Luckily, in some areas of the world we can see growing newspaper circulation, but even there it looks like the future will be digital. As they say, the future is already here, and digital means probably mobile.
From mobile, for mobile
Start thinking how you can best produce content for the mobile platform. Figure out how you can publish text, photos and video from mobile for mobile, instead of thinking how you can forward the content from today’s paper – that was written yesterday – to digital platforms.
Soon we will all be working in digital because that’s where the biggest growth will be. Even if the old media platforms are still providing a better business now, it looks like we will see digital growth for many years to come and we need to focus our efforts on the digital arena to see how we can build a viable business for the future.
And maybe we might even strengthen today’s core business and core products by spending more energy on digital development.
But there is no reason to over-invest in technical solutions. It is better to spend money on programmers and reporters, instead of paying for a product you only use a part of.
I had the pleasure to meet a group of Arabic reporters in Egypt a few years ago. I discussed web-TV with brave women, some with veils and some in smart European clothing, and men, both in jellabiya and with a casual Western look. After a great day of journalistic work, some wanted advice on what camera they should buy, which editing system they should choose and which videoplayer to invest in for their website.
I believe that’s the wrong place to start. You can make decent quality video with an old cell phone and fantastic video with a new smartphone without a lot of investment. You can edit it with freeware and you can publish it with YouTube and embed it on your site. Some of the reporters looked a little bit disappointed with my answer, but there is no point in investing heavily until you can see that there is growing interest. If you see that your users are enjoying it, you can move to the next level. Maybe buy a microphone and FinalCut or Adobe Premiere for the editing.
I mostly use an Android smartphone with a standard built-in video camera, but I have also seen impressive videos filmed and edited on an iPhone, published on YouTube and then embedded in articles.
This will unfortunately not give you the possibility of selling your own pre-rolls on the video, but you can move to that when you can see that your audience likes what you’re doing.
So, the same thinking applies to video or web-TV as to a CMS. Start simple and move forward to more complicated and more expensive products only when you feel the time – and money – is right.
What about the newspaper?
Many newspaper guys rolls their eyes when I complain about the old fashioned newspaper CMS. I get a lecture on the importance of stability, history, importance of archive systems and the danger of simplifying too much.
Well, it’s really just about writing and editing articles, storing them in a secure place and placing the articles and pictures on templated or designed pages so they can be printed, distributed and hopefully sold and read.
If you can use your online CMS for all text-based content production, it should be possible to export it to a page-making system, maybe a cheaper variation of Adobe InDesign.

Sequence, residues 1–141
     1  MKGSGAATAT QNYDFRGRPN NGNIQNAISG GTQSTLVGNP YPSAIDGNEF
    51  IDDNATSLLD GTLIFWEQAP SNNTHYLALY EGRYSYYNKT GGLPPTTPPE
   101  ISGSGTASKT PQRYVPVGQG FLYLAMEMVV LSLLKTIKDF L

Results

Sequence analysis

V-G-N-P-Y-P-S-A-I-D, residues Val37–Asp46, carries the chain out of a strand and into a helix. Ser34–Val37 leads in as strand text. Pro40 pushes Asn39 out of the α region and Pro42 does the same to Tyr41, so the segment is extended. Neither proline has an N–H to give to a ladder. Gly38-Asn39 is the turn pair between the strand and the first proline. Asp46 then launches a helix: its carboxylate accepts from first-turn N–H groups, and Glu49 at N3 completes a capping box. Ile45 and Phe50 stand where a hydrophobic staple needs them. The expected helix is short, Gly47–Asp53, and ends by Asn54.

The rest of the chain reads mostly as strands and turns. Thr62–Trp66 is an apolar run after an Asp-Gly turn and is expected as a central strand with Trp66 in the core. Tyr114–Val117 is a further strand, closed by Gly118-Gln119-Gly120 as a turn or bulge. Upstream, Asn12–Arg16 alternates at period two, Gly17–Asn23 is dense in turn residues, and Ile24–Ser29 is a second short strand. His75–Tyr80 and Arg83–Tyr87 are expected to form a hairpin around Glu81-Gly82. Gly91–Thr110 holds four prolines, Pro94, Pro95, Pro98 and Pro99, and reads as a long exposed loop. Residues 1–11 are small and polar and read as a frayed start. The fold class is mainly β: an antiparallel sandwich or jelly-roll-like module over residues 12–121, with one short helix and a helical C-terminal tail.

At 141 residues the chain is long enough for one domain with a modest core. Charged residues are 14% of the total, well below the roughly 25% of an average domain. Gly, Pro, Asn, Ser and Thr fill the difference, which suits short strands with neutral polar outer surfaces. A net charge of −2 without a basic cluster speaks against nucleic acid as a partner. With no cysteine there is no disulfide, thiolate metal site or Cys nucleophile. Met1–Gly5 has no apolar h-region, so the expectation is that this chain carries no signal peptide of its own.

If we look a few years ahead, I’m pretty sure this will be the way we will all work. But then we will need old guys like me in media houses to forget about how things used to be and try to imagine how it might be in the future.
One good test is to ask yourself what you would do if you were starting in the news business tomorrow. That answer will probably be pretty far from how you are organised and how your technical set-up looks today.
Could your organization use Google docs for content production and storage, instead of something that comes with a multimillion cost? I know some have tried it and I know it worked out on some smaller projects. One of the best examples is Bangor News in Maine, USA. A very small Norwegian newspaper is now trying to copy the use of Google docs for writing, WordPress for publishing online and InDesign for the paper production.
Here is one early article on the project in Bangor News and a search for Bangor, WordPress and Google docs will give you more inspiration and information, such as this article from the developer who helped create the system.
- Don’t ask the multimillion dollar CMS industry what they would like to sell you.
- Ask yourselves what you need and try to find cheap or free products that meet your requirements.
- Spend the money you save on programmers and reporters – and ad sales!
- Start simple and move on if you can see your traffic and business growing.
- Forget what is nice to have until you need to have it.
Remember that relevant content, published at the right moment and presented in a way that gets people interested is much more important than the technical solution. But remember that the content has no value if your site is unstable, so don’t take it too easy.
And you should still try to figure out how you would organize your business and what kind of hardware and software you would like to have if you were starting your media company tomorrow.
You can’t change from reality to your dream in a week, but you will be better off if you start moving in that direction.